"His minimal statistical output so far this year and expiring contract both make Ross another target that would come at a low cost for a Ravens team that already parted with two picks (including a 2021 third rounder) to acquire Ngakoue. Ross carries a ~$5.4-million cap hit for the 2020 season according to OverTheCap, but the Bengals would likely be willing to retain some of that in order to recoup some value for their former first-round pick."
Will the Ravens Blitz More or Less With Ngakoue?
There's been plenty of praise for the Ravens after acquiring Ngakoue. Now the question becomes, will it affect Defensive Coordinator Wink Martindale's scheme?
The Ravens were the most blitz-heavy team under Martindale last season and that really hasn't changed. According to The Baltimore Sun's Jonas Shaffer, the Ravens only trailed the Pittsburgh Steelers with a 44 percent blitz rate entering Week 7.
The addition of Ngakoue gives the Ravens the ability to create more pressure with a four-man rush, which is something ESPN's Marcus Spears believes is a huge benefit.
"They have to face these potent AFC offenses if they plan on getting to the Super Bowl," Spears said. "And now you add another guy that you can create a four-man rush with, find the one-on-ones and hopefully win them. … You don't have to blitz as much. You can rush four guys and keep your guys in coverage.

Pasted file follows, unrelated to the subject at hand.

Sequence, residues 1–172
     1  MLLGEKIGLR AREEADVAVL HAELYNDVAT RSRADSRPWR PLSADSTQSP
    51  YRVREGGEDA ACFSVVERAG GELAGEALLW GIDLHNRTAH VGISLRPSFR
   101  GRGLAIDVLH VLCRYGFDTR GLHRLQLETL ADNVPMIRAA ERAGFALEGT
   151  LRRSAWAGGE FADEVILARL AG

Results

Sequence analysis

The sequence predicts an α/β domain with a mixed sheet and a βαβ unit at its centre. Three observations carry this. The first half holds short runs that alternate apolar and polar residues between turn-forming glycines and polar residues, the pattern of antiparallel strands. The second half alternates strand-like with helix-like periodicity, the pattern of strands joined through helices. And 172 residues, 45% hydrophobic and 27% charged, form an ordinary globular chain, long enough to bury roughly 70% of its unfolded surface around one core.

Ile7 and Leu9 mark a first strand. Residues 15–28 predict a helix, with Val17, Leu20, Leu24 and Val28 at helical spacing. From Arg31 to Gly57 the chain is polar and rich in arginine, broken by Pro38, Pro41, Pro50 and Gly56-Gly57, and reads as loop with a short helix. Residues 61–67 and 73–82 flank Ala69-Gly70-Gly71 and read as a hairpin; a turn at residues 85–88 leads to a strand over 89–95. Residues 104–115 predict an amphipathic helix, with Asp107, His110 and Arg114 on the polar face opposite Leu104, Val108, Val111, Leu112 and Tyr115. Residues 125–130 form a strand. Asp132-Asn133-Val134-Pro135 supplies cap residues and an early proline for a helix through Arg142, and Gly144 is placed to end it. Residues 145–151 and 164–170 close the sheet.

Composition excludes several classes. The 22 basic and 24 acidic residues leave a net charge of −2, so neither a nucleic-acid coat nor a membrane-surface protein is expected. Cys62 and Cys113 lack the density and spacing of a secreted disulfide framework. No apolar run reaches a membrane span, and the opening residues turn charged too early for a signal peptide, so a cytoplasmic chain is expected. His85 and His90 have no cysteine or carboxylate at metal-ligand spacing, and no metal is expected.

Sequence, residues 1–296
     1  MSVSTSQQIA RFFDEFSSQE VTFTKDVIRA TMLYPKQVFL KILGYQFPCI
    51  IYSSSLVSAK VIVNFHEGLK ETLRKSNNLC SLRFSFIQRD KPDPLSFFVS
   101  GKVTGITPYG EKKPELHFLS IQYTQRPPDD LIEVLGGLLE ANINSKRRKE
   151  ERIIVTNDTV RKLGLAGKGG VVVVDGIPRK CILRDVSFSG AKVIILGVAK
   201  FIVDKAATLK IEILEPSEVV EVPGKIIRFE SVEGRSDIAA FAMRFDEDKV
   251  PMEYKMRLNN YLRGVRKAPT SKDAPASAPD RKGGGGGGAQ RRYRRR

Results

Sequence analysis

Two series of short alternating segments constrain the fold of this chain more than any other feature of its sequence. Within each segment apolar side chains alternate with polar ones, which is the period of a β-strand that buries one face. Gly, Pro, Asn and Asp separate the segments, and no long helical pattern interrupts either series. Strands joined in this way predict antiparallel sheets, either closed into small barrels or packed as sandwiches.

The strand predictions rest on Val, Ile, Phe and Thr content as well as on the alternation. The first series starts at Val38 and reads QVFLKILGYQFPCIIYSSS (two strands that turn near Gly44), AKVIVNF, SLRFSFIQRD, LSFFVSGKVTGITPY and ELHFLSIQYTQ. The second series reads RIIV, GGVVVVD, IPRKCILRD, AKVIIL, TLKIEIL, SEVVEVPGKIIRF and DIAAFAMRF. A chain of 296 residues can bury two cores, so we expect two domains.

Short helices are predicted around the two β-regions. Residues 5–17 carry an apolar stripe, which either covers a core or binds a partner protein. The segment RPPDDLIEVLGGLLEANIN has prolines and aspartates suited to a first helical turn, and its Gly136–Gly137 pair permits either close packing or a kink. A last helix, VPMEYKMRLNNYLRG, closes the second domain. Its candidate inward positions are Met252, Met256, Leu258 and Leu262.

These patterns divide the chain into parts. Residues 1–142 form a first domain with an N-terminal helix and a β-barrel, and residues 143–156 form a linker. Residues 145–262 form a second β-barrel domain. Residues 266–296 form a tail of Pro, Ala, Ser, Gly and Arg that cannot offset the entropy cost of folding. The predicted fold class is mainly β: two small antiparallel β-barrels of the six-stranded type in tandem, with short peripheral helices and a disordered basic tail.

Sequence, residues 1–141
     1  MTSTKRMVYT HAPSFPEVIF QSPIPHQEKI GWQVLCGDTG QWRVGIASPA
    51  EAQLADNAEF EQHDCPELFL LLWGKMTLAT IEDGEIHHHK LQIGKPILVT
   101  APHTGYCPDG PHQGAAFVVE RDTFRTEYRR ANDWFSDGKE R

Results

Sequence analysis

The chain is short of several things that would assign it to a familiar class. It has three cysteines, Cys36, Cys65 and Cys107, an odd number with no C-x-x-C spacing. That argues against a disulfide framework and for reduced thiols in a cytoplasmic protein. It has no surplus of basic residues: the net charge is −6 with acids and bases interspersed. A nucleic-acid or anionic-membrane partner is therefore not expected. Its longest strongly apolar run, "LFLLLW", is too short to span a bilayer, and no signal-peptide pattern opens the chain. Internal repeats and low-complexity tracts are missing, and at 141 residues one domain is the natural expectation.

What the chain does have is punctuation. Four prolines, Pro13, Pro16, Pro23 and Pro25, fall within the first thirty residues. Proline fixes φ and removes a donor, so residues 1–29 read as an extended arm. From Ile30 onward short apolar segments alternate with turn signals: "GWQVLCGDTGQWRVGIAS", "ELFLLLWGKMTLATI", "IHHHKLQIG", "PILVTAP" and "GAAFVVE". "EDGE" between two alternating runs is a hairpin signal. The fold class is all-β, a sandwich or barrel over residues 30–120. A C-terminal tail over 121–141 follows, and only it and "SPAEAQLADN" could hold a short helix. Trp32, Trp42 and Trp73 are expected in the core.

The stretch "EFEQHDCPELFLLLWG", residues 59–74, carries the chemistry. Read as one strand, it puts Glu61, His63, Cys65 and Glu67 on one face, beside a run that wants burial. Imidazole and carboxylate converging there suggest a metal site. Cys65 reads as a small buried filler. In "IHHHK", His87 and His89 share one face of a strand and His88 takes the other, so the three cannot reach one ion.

"The move is about being able to get more guys to the quarterback and keeping more guys in coverage. … To me this is huge. Third down, let alone all of the other downs, for you to be able to rush four guys and he can win the one-on-one."
Shaffer believes the addition of Ngakoue will assist other Ravens pass rushers like Matthew Judon, Jaylon Ferguson and Tyus Bowser.
"With Ngakoue's arrival, the Ravens can assemble a four-man pass rush that, on paper, shouldn't need much help," Shaffer added. "Judon is fifth in the NFL in ESPN's pass-rush win rate, which measures how often a pass rusher is able to beat his block within 2.5 seconds. (Martindale's blitz schemes likely help boost his success, but he's still winning more than a quarter of his pass-rush snaps.) Bowser has been unlucky not to get at least a few more sacks, and Ferguson has shown a strong bull rush."
Dialing up blitzes from almost any spot on the defense has been Martindale's calling card. In their Week 5 win over the Cincinnati Bengals, the Ravens became the first team to ever have five defensive backs register a sack.
Now the Ravens can create more pressure with fewer players, something that plagued them against Patrick Mahomes and the Kansas City Chiefs in Week 3.
An improved four-man rush would help one of the league's best secondaries lock down opposing passing attacks. Baltimore Beatdown's Spencer Schultz pointed out that Ngakoue has registered four of the NFL's 20 quickest sacks over the past four seasons.